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Wednesday, July 06, 2022

Another Covid wave, another year of economic uncertainty

Once the surge tapers and the lockdowns ease, the pace of recovery will depend on the ability of the Centre and states to spend

Written by Saugata Bhattacharya |
Updated: May 13, 2021 8:46:06 am
Migrant labourers at Anand Vihar bus terminal in New Delhi. (Express Photo by Praveen Khanna)

In light of the second wave of the pandemic, we have revised downwards our GDP growth forecast for 2021-22 from our pre-second wave assessment of 11.8 per cent to 9.5-10.5 per cent now, depending on the severity and duration of the lockdowns. In comparison, the Union Budget had based its fiscal projections on a 14.4 per cent nominal GDP growth, implying a real growth of 10-10.5 per cent.

This is an evolving target due to the uncertainty involved with individual statewide infection curves and the consequent policy responses involving lockdowns, restrictions and other measures, and is thus likely to be incrementally marked down. But a crucial input into the changing forecasts will be vaccine availability because of the confidence imparted for the progressive opening up of economic activities, and for boosting both sentiment and demand, especially for services. Note that a 1 per cent cut in growth shaves off almost Rs 2 lakh crore from potential income.

Two aspects of our forecast are worth emphasising. The first advance estimates of growth will be based on extrapolations from a limited data set, available till October and November. A substantial part of the extrapolation exercise involves the financial results of corporates, which are declared quarterly. Broadly, a proxy for the nominal Gross Value Added (GVA) for the industry and services segments can be derived from the sum of operating profits and employee costs. Operating profits growth of large and mid-size companies has been quite robust in 2020-21. It is only the later sequence of revisions that incorporate trends from larger databases, which capture the performance of smaller enterprises. We should note that there is an added element of uncertainty arising from the accounting treatment of subsidies, which is due to (the welcome) changes in the Union Budget reporting.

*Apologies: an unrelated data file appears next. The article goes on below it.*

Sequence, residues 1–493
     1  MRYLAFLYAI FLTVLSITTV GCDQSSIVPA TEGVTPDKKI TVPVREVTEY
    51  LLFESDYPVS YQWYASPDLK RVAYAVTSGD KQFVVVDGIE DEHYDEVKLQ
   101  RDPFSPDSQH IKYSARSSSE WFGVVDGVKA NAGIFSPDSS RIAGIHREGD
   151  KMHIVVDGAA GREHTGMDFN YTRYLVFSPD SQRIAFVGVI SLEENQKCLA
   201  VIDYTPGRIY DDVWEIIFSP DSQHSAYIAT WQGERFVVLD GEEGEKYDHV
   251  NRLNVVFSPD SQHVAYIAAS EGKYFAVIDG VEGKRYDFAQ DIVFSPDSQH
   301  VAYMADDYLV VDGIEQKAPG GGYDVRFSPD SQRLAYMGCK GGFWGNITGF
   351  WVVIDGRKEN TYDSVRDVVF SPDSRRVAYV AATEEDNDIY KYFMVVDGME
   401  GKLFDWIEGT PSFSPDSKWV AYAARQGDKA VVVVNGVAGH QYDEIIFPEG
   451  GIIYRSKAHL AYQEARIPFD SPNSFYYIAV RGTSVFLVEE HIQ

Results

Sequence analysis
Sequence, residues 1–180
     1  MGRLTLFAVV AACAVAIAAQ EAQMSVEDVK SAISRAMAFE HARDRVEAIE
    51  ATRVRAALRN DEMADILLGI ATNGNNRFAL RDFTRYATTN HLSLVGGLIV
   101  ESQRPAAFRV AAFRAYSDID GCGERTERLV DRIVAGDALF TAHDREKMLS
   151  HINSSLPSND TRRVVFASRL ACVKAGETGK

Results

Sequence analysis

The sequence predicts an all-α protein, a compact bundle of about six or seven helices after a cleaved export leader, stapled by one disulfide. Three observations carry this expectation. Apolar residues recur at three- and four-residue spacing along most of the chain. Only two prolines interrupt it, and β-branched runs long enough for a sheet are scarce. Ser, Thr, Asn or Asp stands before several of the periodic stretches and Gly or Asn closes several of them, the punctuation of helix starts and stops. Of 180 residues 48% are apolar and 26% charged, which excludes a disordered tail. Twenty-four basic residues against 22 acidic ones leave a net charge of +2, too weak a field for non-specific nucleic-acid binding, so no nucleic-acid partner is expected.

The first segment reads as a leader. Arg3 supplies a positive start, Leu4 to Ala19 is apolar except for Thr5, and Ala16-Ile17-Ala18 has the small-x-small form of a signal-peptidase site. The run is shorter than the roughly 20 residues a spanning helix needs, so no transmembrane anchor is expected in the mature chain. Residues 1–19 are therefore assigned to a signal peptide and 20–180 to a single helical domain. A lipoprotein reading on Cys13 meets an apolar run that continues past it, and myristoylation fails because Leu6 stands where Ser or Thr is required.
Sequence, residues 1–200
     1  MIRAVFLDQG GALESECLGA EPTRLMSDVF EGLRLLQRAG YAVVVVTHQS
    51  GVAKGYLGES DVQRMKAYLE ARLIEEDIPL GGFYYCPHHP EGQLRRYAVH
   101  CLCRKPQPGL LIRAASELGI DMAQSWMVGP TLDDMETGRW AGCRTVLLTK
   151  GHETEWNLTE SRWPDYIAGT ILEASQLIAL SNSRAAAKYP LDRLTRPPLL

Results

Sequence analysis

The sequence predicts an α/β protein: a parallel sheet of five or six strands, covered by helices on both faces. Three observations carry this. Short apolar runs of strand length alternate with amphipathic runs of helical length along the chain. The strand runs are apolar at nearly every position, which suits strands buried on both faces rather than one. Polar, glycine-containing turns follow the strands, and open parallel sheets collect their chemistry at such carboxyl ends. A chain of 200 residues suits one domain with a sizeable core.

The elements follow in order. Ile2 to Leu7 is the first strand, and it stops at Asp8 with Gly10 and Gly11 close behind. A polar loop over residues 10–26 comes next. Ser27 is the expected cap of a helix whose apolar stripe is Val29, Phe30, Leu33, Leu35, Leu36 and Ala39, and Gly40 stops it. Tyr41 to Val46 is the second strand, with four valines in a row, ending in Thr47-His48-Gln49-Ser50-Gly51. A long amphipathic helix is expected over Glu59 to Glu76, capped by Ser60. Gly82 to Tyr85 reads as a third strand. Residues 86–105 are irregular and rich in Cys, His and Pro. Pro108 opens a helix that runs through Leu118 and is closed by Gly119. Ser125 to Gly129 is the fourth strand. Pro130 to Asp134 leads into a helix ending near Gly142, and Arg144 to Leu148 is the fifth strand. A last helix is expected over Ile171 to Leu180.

Our growth estimate for the April-June quarter of 2021-22 is now reduced to 24 per cent from 34 per cent earlier. This is largely based on signals from multiple indicators of economic activity, which are indicative of the current economic momentum and recovery. These are inter alia a set of manufacturing, services, fiscal, financial, mobility, and employment metrics. Although many of these are not part of the formal GDP estimation process, they do point to presumptive trends in those economic variables which are.

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Axis Bank’s Composite Leading Indicator had shown a strong uptick in March 2021. The fourth quarter (FY21) results are beginning to trickle in, and based on a small set of 150 non-financial companies, we find that sales have increased significantly. There is the base effect, but there are signs of recovering momentum. However, based on the limited signals available thus far for April and the first week of May, there has been a sharp drop in economic activity, back to levels tentatively consistent with economic activity around May 2020, when we were exiting the first lockdown.